When fall sets in, there's a shift in trends. It's a time for pumpkin spice lattes, sweaters, and all-new seasons and premieres of your favorite television shows. This is the time when the networks are kicking off their fall lineups, and the Discovery Channel is no different. One of the shows that will be airing this fall on the Discovery Channel is "Vegas Rat Rods," a show that chronicles the car builds of the Welder Up crew. This will be the 4th season following the "Vegas Rat Rods" cast, and here's a great sneak peek of the premiere episode.
(I want to thank the Discovery Channel for this clip from the first episode of Season 4)
Rat rods are mash-up vehicles that pay homage to vehicles of the '50s and the '60s but are done in a customized and individual way. They're the kinds of vehicles that are meant to be driven and aren't made to be perfect. They're customized pieces of automotive art, and no one does it better than the guys at Welder up. They've gained loyal fans over the last 3 seasons, and there's serious anticipation for the upcoming 4th season.
Like all of the great motoring shows that the Discovery Channel has to offer, this show is unique and fun. The shop crew is a group of guys and gals that you could see yourself hanging out with after work on a Friday night. Here are 20 facts that both "Vegas Rat Rod" fans and curious Discovery Channel viewers will want to know about the cast, builds, and things you don't get to see.
20 Season 4
Season 4 is going to be jam-packed with the intense builds and fun that fans expect and new watchers will appreciate. New episodes will air Monday nights at 10 pm and Tuesday nights at 9 pm (yes, it's good enough to get episodes on twice a week). *Spoiler Alert* The season will pay respect to the hardworking, blue-collar ironworkers of the world. The first episode features an amazing 1958 Apache being transformed into a badass vintage dirt bike hauler and a resurrection of Evel Knievel's Formula 1 dragster. It's must-see motoring television for gearheads and Discovery fans alike.
19 Canadian Connection
The show is considered a sleeper of a hit show. Steve Darnell (the owner of the Welder Up shop and business) never intended to have a television show, but that all changed when he was approached by a Canadian production company.
The show started out as part of the lineup for the Discovery Channel's Canadian network, and it turned into a major viewing draw.
The viewing numbers that the show produced allowed for it to expand into the United States market, and now, it's going into season 4.
18 North, Strong, And Free
Because the show was airing in Canada, it was necessary for the shop to employ a certain number of Canadian personalities. This was necessary in order for the viewers in Canada to be able to connect with the show on a more personal level. These personalities included Cheyenne Ruether (who won't be in season 4), Grant Schwartz, and Twiggy Tallant. This mix of American and Canadian cast members has ended up becoming a way to continue to appeal to viewers on both sides of the border when it transferred over to the US network.
17 Gaining A Reputation
The Discovery Channel has a list of reality-type television shows with personalities that are unforgettable and addicting to watch. Some of these personalities have noticed the skill and quality of work that the Welder Up crew puts out, and they've expressed an interest in wanting to work with or hire the crew to do some work for them. Names such as Todd Hoffman of "Gold Rush," Wild Bill from "Deadliest Catch," Thomas Weeks from "Misfit Garage," and "Horny" Mike Henry from "Counting Cars have all shown serious interest in what the Welder Up shop is doing.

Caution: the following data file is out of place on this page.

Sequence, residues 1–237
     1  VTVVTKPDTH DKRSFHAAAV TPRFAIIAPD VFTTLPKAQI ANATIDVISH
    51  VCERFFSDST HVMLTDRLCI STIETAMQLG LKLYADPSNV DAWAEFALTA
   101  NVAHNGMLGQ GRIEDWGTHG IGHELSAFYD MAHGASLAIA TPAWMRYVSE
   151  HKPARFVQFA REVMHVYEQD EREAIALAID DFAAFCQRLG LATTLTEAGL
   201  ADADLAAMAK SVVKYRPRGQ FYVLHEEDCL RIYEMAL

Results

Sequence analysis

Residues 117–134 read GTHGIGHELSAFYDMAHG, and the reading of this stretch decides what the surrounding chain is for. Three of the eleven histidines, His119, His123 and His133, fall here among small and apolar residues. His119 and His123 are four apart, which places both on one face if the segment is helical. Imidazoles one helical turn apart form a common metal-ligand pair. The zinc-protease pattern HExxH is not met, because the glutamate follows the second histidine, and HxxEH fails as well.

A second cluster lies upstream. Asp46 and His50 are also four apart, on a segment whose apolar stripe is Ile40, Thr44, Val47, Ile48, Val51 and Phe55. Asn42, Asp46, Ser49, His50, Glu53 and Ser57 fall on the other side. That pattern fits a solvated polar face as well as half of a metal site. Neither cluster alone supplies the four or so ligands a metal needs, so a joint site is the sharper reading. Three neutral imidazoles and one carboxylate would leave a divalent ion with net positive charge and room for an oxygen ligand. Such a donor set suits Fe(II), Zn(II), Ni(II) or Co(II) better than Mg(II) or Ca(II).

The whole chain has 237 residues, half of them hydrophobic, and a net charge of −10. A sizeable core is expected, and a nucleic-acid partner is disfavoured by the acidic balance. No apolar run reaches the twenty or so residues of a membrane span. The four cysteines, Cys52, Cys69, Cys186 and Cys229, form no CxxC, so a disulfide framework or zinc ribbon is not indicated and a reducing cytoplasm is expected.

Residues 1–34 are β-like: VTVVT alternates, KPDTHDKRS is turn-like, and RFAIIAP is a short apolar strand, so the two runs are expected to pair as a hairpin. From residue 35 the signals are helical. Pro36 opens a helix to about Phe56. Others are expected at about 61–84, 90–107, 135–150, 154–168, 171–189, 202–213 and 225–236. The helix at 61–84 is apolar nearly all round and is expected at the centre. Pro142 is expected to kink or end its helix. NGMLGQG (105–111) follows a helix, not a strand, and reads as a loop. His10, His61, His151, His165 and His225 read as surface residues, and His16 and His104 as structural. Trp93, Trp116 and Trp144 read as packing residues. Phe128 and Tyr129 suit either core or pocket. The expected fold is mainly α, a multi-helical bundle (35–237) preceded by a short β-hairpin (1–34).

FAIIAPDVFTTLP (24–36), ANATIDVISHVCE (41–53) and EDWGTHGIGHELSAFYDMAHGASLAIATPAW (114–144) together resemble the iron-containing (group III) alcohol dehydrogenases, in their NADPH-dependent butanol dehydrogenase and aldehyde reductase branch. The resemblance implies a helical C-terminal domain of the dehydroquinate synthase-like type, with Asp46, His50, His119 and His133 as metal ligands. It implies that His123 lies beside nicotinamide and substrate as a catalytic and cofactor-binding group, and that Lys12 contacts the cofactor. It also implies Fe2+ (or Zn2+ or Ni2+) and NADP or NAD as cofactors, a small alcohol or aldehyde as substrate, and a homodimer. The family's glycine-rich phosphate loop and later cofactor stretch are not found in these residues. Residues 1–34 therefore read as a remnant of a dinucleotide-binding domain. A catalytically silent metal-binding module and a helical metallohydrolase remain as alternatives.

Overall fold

16 Steve Darnell's Ambition
Although television was never his ultimate goal, his success has spawned some ambition in the business owner. It's said that he's expressed a desire to pitch other shows. According to Steve, "I've got about three of them that I'd like to do." It seems that he's been bitten by the bug and has been considering some things. The types of shows that he'd like to pitch haven't been discussed, but this could be something to watch out for in the future. He's definitely the type of guy that's not afraid to step outside the box a bit.
15 Finger Death Punch
Steve Darnell has proven to be a creative guy that definitely wants to get his hands into numerous things. In 2013, the band '5 Finger Death Punch' redid "House of the Rising Sun," the 1964 classic by The Animals. The video had a Mad Max feel to it and was shot out in the middle of the desert. Steve Darnell provided numerous props and cars for the video shoot that the band's fans would recognize in the show as well. His creativity knows no real bounds, and it shows his willingness to embark on new endeavors.
14 Humble Beginnings
The roots of the Welder Up shop are rooted in the ranching life of the great state of Montana. Darnell was originally a rancher who then decided to open a shop that fixed heavy machinery and agricultural equipment for fellow ranchers and other companies. He didn't customize his first rat rod until 2008, but when he took that car to a local car show, it turned out to be quite popular. This car was even featured in Hot Rod Magazine, where he began to gain some popularity within the hot rod community. From these humble beginnings, the rest is history.
Particular brands will seek sponsorship with particular shows in order to grow their popularity and demonstrate their quality in real-life situations. Some of the sponsored brands on "Vegas Rat Rods" include FASS Diesel Fuel Systems, Portacool, XDP Diesel Power, NX Nitrous Express, and Edwards Iron Works. The products produced by the brands are used on the show in order for them to be exposed to other companies and businesses within the car-building, -manufacturing, and -restoration industries. This benefits both the show and the brands themselves in the form of profits.
12 Inspiration To Others
For those who watch the show and those who haven't yet but plan on it, one of the things that are important to Steve and the crew is family. He sees his show as more than your typical motoring show. He has ulterior motives when it comes to the message that he wants to send to viewers.